I have taught in two schools during my teaching career. As my bleeding heart usually dictates my path, in both positions, I have served children who benefit from federal funding. Title I and IDEA funds, while seemingly never enough, have helped to ensure that these beloved babies of mine have a chance at getting a fair shot at life. I don’t ask for much as a teacher. But, I do find that my impossible job seems a bit more realistic when those who lead my school, system, and policy understand where my students and I are coming from.


In my family, we often use baseball analogies to describe society. We all agree that we want everyone to reach home plate, but we often neglect the notion that there are those that start life on third base. We rarely acknowledge that there are some people who are still home in bed and have no idea where the baseball park is. Today, it hit me that we have some people who are playing baseball in an overgrown pasture with a pinecone and stick, while others are playing in the most advanced MLB stadium with aerodynamic bats and electronic balls. (I don’t know if those exist. I am more of a football fan.) It seems that the person slated to govern those babies- who don’t even know where the cow pasture, makeshift field is, is sitting on home plate at the new SunTrust stadium in Cobb County. This terrifies me as a teacher, and breaks my heart as a citizen who believes that public education is paramount to our democracy. I do not know Betsy DeVos. I like the way her last name sounds. She seems nice. I love George Strait. His crooked grin and cowboy hat are what my dreams are made of, but I wouldn’t want him to perform brain surgery on me. I would like to explain just a few points from her Senate hearing that make my heart hear Enya songs the loudest.


  1. Proficiency vs. Growth

With students in poverty and students with disabilities, these are the kiddos that are either playing baseball with sticks and pinecones, or trying to get to the pasture to play with them. The lower levels Maslow’s Hierarchy of Needs must be met before one can reach the Self-Actualization tier. Many of them have the potential to find their way from the pasture to SunTrust stadium, but it takes a heck of a lot of work on their end and their teachers to get them there. Although the government might not agree, there’s no greater feeling than a kid sliding into a first base marked with somebody’s shoe when they started off 5 miles down the road from the pasture! Crawling leads to baby steps, which leads to running.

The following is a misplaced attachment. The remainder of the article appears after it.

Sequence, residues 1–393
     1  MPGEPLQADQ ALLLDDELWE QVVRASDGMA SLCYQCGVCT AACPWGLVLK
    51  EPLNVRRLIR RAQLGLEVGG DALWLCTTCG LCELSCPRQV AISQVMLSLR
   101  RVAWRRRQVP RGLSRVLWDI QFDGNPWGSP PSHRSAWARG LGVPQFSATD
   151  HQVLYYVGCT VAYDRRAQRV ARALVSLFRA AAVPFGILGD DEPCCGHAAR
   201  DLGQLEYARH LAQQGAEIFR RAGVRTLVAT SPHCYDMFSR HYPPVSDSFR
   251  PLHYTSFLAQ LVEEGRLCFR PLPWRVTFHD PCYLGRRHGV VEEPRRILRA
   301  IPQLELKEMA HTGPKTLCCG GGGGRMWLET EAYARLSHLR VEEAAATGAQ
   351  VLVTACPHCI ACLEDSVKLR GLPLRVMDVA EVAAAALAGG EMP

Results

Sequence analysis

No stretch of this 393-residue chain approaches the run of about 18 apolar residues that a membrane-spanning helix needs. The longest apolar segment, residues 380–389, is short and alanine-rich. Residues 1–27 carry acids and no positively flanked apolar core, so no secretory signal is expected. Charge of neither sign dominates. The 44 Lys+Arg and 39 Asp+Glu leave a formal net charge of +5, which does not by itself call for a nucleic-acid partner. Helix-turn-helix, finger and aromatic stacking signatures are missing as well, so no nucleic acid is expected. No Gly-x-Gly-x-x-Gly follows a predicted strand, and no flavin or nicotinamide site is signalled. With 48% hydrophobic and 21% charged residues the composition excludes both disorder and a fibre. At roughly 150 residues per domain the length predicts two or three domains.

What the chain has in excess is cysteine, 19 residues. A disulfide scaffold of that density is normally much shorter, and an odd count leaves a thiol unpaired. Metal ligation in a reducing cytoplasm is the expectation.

1. IDEA (Individuals with Disabilities ]Education Act)

Hear me out, I could wallpaper the Taj Mahal with all of the paperwork in continuously file to prove that my state uses the federal funds for their intended purpose. You know what? I’m happy to do it. It doesn’t “even the playing field,” but it does at least give children a rudimentary map to the pasture. As a child who was in visually impaired classes, I am really thankful that it wasn’t left to the state to decide if I was worthy of an education or not. Furthermore, this legislation is a HUGE piece of American policy that is cited time and time again. It has been a springboard for many other pieces of legislation that help ensure domestic tranquility for all. I’m embarrassed for her that she didn’t really understand what it was. Kudos to Senator Hassan, whose son has Cerebral Palsy for not coming over her desk like a Grizzly bear. (Sorry, had to!)


  1. Sexual Assault on College Campuses

For six years, the Education Department’s Office of Civil Rights has worked diligently to outline parameters and enact procedures that safeguard students from sexual assault. Seems pretty legit to me. One should be able to feel safe while working to further their education. If the unthinkable happens, students should feel confident that the government will take quick action in his or her defense. Mrs. DeVos however, could not say definitively that she would uphold the progress that has been made in this area. I will just leave it there, because I just can’t…


  1. Financial Aid

I admit, anything with word financial in it confuses me from the start. I don’t really get all of the bureaucracy involved either. However, I am not slated to be United States Secretary of Education. Her ignorance in this matter points back to the fact that her life experiences are the antithesis of the vast majority of Americans.